What Is The Core of Our Game?
It became apparent to our group that our design was missing something significant - something central. Through hearing development stories of other student groups, and after receiving feedback from classmates, we decided to address the concern of not having a core mechanic and not having done proper paper-prototyping. We were putting a lot of design thought into how puzzles would work with a player and their companion, but we didn't have a foundation or central concept to ground those things and tie it all together.
We took more than a day, slaved over the concern, and came up with a solution that has not only put our worries to rest, but has also inadvertently solved other miscellaneous problems we were having. The solution was a trust-based relationship system between the player and their companion.
The young mute Cairenn and her blind companion bear Killian can accomplish amazing tasks together, but the trust they establish will make or break that success. Without sight, Killian depends heavily on Cairenn to guide him considerately; if she doesn't, it will damage their bond and influence their progress, abilities, and the world around them. While embarking on a journey together, the quest between them will decide everything.
Killian will have a trust meter with three states: bad, good, and great. The most common gameplay aims to be the "good" state; this is also the state with the largest meter range. In this state Killian partially trusts Cairenn which makes for moderate obedience of commands. If Cairenn tells him to stay, he may wander off. Killian's wander can lead him to follow the smell of food, uncover narrative elements, or get caught in harmful traps. If Cairenn doesn't help him avoid those traps, he will lose some trust in her and the trust meter will go down a bit. If enough misguidance causes the meter to dip into the "bad" state, Killian will lose his temper and roar. Cairenn will have to stay out of his designated roar radius to allow him to cool down on his own. Once he stops roaring, she can pet him to bring the meter back into the bottom of the "good" state. The more positive guidance Cairenn gives Killian (e.g. leading him to food and avoiding traps), the more likely the meter will move into the "great" state. In this state, Cairenn has earned Killian's trust so much that he won't wander and get into trouble if she tells him to stay. They can also complete tasks more efficiently in this state. There are other details we plan to implement for this system but that is the general idea.
This has provided a number of solutions for us:
- We have a core mechanic that is appealing, meaningful, and easily explained ("trust")
- We have a system that level and puzzle design can be more easily developed to
- We have increased replay value without needing to multiply companions and workload
- Killian is now a meaningful personality with consequences and not just a tool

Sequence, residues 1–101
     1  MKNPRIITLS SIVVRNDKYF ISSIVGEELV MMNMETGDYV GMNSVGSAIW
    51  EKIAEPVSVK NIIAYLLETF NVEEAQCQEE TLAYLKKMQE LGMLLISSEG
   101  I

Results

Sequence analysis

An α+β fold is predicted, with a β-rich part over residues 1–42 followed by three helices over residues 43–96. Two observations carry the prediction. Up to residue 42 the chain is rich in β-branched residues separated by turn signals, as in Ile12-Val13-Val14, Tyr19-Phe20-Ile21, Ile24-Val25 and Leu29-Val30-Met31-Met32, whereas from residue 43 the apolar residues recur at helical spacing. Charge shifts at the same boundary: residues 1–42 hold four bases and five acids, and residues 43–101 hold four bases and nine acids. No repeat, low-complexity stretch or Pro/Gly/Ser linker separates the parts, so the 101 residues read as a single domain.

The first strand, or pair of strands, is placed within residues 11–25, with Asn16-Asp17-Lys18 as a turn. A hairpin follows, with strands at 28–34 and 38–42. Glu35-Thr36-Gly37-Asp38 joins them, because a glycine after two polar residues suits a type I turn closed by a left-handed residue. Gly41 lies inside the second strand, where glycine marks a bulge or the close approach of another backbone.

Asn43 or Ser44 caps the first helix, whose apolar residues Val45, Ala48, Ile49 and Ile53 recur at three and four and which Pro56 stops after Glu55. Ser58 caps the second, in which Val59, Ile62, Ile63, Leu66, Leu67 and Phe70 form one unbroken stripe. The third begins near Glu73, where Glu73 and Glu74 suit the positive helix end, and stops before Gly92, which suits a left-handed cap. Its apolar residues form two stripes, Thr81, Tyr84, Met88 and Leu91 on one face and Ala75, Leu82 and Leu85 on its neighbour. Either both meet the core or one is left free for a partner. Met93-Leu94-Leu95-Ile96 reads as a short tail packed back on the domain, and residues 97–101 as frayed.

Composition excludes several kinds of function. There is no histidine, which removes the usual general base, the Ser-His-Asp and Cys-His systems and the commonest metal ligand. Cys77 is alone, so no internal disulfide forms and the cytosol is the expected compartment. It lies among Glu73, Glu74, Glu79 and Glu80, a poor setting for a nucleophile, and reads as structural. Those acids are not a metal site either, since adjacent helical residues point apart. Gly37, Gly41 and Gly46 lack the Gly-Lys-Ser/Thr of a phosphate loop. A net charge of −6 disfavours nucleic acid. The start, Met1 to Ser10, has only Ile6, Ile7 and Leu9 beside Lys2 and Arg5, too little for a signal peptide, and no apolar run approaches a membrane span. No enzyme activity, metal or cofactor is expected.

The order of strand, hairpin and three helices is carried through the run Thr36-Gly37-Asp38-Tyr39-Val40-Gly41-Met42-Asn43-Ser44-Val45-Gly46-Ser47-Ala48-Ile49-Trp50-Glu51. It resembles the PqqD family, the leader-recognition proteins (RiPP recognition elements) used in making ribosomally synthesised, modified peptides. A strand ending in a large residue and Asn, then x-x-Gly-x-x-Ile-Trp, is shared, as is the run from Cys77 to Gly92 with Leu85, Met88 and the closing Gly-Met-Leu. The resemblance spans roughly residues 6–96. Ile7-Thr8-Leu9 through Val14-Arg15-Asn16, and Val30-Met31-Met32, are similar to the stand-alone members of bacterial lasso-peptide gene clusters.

- We have reduced the amount of required and/or expected one-off assets and designs
- We have more defined boundaries now that designs can spring from the trust system
- Our whole team feels more confident and excited about our game
- Our whole team feels better about our scope
We're finding that questions are easier to address now and this has turned a lot of redoing into a lot of refining.
I have also spent some time composing some music concepts. I have 8 different compositions so far. Most of my references are Celtic, but I also wanted to embed some futurism because of the narrative's hidden portrayal of an advanced civilization and future time period. I researched some ancient Celtic instruments like the bone flute, carnyx, and crotals. I have some musical references I've found to be somewhat fitting for our game's look and feel. I've also noted keywords and phrases that depict the theme of our game and the personalities of our characters. I also use our artists' concepts for visual inspiration and guidance. It's a huge aid for me to see our characters and the environments they might inhabit as I conceive the soundtrack to their lives and ultimately, their world.
I'm taking all these things into consideration as I carefully select and customize instruments to establish potential audio palettes for the game's music. After several attempts, there are elements that seem to work well, and others not so well. I take the parts that work well and see if they can become something more in a second attempt if I strip away the parts that don't work. Eventually it seemed like the music wasn't representing enough of the narrative and characters - something was missing. I did some more research and came across African choirs. They seemed to represent the details I was missing.
This is the current breakdown of styles I'm trying to combine:
50% Celtic (for mythical, festive, merry, bright, hills and valleys)
30% African (for earthy, tribal, village, bare hands, community, plains, jungle, huts)
20% Mechanical Futurism (for sophisticated tech, propulsion, turbines)
I'm going to keep composing and refining my approach until it all fits in a representative and impacting way.